My nose has been my making. I could write a book about it.
It’s been banged about a bit. And it’s because of my nose that The Big Issue came about. The man who gave me the money to start our street magazine – a certain Gordon Roddick – noticed my nose before he noticed me. He, likewise, was nasally challenged. I’m not sure if Gordon’s wife-to-be, Anita, had any hesitation over Gordon’s nose, but he had what used to be called a ‘hooter’. And it was a discussion over noses that brought Gordon and me into friendship.
How I got my enlarging of the nose was due to being banged about by a brother when I was 12, being hit with a cricket bat in a juvenile delinquents’ secure remand home aged 14, and being punched in the middle of the night by Clive, who I shared a dormitory with in reformatory school, because I wouldn’t give him my counterpane as he had the shivers.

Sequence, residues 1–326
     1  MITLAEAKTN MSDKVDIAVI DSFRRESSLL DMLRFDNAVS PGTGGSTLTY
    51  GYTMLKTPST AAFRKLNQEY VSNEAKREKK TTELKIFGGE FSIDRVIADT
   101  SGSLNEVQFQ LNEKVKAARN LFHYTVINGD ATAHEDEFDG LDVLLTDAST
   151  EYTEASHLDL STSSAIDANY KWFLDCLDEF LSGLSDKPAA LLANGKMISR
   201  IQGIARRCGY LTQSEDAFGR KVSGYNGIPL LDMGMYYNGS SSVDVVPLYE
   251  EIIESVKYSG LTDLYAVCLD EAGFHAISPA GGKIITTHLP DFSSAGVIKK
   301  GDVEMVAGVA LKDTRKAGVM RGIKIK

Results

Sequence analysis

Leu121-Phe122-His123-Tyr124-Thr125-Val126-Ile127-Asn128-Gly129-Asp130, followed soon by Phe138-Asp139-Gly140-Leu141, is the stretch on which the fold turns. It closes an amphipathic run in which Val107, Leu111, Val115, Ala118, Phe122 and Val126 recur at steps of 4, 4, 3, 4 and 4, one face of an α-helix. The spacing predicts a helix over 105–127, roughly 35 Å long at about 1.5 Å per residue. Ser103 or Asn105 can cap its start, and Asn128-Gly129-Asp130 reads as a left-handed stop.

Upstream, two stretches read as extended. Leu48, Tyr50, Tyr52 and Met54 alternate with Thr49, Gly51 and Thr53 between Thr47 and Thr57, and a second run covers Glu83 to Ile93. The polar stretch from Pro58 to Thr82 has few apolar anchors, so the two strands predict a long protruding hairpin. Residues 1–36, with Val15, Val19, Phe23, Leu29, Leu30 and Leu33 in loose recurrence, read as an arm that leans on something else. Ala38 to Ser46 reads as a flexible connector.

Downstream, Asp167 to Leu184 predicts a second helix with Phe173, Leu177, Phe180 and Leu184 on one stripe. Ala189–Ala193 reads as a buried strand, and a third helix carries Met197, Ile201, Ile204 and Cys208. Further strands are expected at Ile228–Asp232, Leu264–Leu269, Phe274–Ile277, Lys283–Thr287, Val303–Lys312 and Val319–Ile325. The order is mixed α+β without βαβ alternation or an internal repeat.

A counterpane was a bedspread and Clive, one of my greatest friends, expressed his disillusionment by whacking me in the dark; after which a fight commenced. The duty screw came in and, on turning on the light switch, was astonished to find that both the room, and Clive and I, were bathed in my blood. And my nose was spread across my face. Though the wonderful people at Surrey General Hospital put the bits back together again, my nose started to look craggy, bigger and more like John Lennon’s (before his nose job).
Often taken for Jewish, Albanian (I’m not quite sure why), or at one time Gibraltarian, my nose means I can fit in well on continental holidays and can, when need be, adopt a confused foreign accent to get out of the shit.
But one striking thing in all of the years of my ascendancy is how quick people were to take up arms, legs, heads, feet and blunt instruments against you to get their point over. To prove their point. And how different this seemed to be when, through the good offices of art and education, I climbed into the middle classes.